Important Crop Information: Seed To Soil Contact


Planting Tips And Crop Information: The Importance Of Seed To Soil Contact 


Almost all crop literature and crop information suggests that seed to soil contact is essential to a great harvest. It doesn't matter if it small seeded crop, like alfalfa, or a large-seeded crop, like soybeans, the way to begin a successful season is to make sure you have good seed to soil contact. Smaller seeds need less soil to germinate, but still benefit from good seed to soil contact. However, it's essential for larger seeds, like corn, to be planted in at least one inch of soil. The larger seeds need the cover and, because they're larger and more visible, they're often eaten by birds and insects. 


The Direction Of The Root Matters


Alfalfa seeds have a primary root that burrows downward to eventually form the taproot. This serves as a sort of anchor, so even if the alfalfa seed isn't covered as well, it's likely to germinate. Corn, however, the seminal root grows at a 45-degree angle, so corn seedlings need the cover of the soil to grow and the physical support of the soil around it. 


Pay Attention To The Quality Of Your Soil


Soil that sticks together in large clods is not good for seed-to soil contact and will need to be broken up. This may take significant time and energy, but it's well worth aerating and separating the clods to create a soil with better texture. Also, make sure that the soil beneath that first layer is permeable, because this is where your future plants will develop their root systems. Shallow root systems mean weaker plants. 


How Much Tillage Is Enough?


Unfortunately, there's no real hard and fast guide or crop information to determine how much tillage is enough. The amount of tillage depends on the crop, the topography, the field and weather conditions at the time of planting, and the soil type itself.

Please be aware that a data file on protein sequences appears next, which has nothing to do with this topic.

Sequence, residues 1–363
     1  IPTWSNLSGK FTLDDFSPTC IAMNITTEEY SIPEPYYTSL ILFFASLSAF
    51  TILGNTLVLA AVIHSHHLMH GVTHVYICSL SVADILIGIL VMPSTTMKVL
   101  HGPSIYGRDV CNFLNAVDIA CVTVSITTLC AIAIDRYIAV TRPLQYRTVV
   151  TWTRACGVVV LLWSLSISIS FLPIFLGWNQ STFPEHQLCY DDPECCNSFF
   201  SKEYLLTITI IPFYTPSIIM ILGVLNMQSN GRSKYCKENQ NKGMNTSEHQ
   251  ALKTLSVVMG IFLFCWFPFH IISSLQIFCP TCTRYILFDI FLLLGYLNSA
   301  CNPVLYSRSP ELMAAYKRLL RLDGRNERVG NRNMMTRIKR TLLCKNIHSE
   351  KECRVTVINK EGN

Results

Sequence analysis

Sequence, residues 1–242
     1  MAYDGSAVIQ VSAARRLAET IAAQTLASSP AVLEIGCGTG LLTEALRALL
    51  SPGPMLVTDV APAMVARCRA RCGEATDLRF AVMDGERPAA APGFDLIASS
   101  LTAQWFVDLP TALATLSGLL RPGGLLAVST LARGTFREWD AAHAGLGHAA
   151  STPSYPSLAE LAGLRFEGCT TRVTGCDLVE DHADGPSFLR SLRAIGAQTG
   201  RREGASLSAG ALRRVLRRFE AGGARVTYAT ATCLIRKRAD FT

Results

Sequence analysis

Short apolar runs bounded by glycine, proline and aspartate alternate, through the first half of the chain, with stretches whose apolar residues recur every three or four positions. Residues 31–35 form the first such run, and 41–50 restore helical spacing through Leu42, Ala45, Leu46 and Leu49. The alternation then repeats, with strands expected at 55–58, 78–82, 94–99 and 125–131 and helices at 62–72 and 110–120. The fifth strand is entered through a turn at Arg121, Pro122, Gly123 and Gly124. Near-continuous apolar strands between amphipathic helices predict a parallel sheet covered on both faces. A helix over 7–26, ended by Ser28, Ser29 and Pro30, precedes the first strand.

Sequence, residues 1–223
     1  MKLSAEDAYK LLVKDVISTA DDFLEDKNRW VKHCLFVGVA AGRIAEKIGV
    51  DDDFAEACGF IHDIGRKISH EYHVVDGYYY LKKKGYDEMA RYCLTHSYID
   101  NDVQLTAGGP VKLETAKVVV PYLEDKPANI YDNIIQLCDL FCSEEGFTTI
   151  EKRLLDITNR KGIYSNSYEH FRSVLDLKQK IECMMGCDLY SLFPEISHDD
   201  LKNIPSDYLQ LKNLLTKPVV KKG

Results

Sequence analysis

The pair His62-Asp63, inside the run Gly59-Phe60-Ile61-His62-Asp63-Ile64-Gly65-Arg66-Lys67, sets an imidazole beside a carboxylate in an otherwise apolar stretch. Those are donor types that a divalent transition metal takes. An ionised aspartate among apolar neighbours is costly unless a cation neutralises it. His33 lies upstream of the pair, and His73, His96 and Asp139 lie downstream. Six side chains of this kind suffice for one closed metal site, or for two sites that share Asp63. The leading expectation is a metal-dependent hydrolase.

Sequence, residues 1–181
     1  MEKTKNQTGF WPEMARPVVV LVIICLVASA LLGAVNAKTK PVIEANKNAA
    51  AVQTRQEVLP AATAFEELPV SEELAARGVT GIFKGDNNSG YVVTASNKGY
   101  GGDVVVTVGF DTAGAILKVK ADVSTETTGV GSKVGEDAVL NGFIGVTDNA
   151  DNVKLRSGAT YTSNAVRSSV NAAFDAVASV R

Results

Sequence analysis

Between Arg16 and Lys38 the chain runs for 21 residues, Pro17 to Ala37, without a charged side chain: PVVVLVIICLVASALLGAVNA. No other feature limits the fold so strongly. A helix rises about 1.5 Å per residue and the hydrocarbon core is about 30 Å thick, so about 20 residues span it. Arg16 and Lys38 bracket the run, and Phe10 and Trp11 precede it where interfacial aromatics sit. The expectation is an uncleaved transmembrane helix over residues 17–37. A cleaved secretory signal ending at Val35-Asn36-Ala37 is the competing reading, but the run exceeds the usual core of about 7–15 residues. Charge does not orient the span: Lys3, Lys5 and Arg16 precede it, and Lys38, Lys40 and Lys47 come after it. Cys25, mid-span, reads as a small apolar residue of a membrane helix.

For example: Corn should be planted at least one in deep, two inches optimally. You can plant a bit shallower if this is an early crop and slightly deeper if you're planting late. You should also plant a bit deeper if the soil is dried out, or light textured. These variables in conjunction with seed to soil contact has a direct correlation with root strength.


Corn should be planted about 2 inches deep, slightly shallower with early planting, slightly deeper with late planting, especially into light-textured soils that have dried out. This depth of planting usually results in good seed-to-soil contact, which is why it’s almost never necessary to do any more soil firming than the press wheels on the corn planter do during planting.


Is "No-Till" A Misnomer?

Frankly, there's no such thing as "no-till", because even though a crop is "no-till" some of the soil is tilled before or after panting. Regardless, no-till corn planters still establish good seed to soil contact with fluted or ripple coulters.


If you decide to go the no-till/minimal-till route, just remember this helpful piece of crop information: Using no-till planters and equipment should not be a license to plant in overly watered, soggy soil. Especially if your soil has a high clay content that gets plastic or rubbery when wet. The coulter opens a slot to drop the seed in, but if the clay-heavy soil is wet, the slot won't be covered adequately and you may be faced with a poor yield. 


No till techniques do not do well in lighter soils, but do work well in sandy soils with a lot of drainage. And, even if you choose to go the no-till/minimal till route, in order to maintain good seed to soil contact, the land does need to be tilled every few years. 


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